Ebrahim Harvey is spot on in suggesting the ANC must be indicted for “turning off the lights” (“Chasing darkness — how the ANC captured Eskom and turned out the lights”, May 3). However, he hints at the failure of African leadership by suggesting that Eskom was formed to serve the interests of white people, while the ANC is not serving the African majority. That charge would be unfair.
To say the government of the Union of SA was more intent on delivering electricity to whites than the ANC is to all black people misses the context. The difference between now and then is the spirit of the times. The 1910s was a decade exhilarated by the prospect and profit to be gained from electricity, a marvellous new technology, especially for deep-level mining. Only thus could the economy industrialise and a young rural nation secure its revenues.
Also, it was a decade in which the interventionist state had a high standing in policy circles. But, most critically, Eskom was needed to stamp technical uniformity on matters such as voltage and connections over an unruly and disjointed network. But Eskom’s undoing comes in a very different decade. Electricity in the 2010s was no longer the technological marvel stirring our state’s aspirations. By then electricity had been reduced to a mundane political “right”.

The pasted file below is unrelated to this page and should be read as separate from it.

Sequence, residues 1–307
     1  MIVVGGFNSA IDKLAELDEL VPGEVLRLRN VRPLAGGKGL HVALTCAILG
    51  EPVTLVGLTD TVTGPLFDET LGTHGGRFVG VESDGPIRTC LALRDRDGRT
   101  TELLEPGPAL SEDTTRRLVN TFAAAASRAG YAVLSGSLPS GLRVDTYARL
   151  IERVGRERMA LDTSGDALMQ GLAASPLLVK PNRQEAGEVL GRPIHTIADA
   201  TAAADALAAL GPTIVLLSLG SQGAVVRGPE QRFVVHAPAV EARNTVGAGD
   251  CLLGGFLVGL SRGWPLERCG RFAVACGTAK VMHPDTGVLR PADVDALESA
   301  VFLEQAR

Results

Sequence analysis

The ANC’s leading motive was one of entitlement and correcting historic injustices, under which the ethos of illegal connections, serving oneself before the nation and so on were cemented as there are no repercussions for perpetrators. The “minimalist state” is still in the ascendancy. In such a climate it is a fool’s dream to think the ANC can switch the lights back on.
What is needed is to identify today’s great novelty and build on that. Imagine a future in which all domestic, retail and travel energy needs are sourced from small-scale, locally generated renewable ventures and gadgets, at low voltage and no cost. Nuclear fusion might even make industrial power supply super cheap. This exciting future is becoming ever more real, yet underpins none of government’s pronouncements or initiatives.
Jens Kuhn, Cape Town
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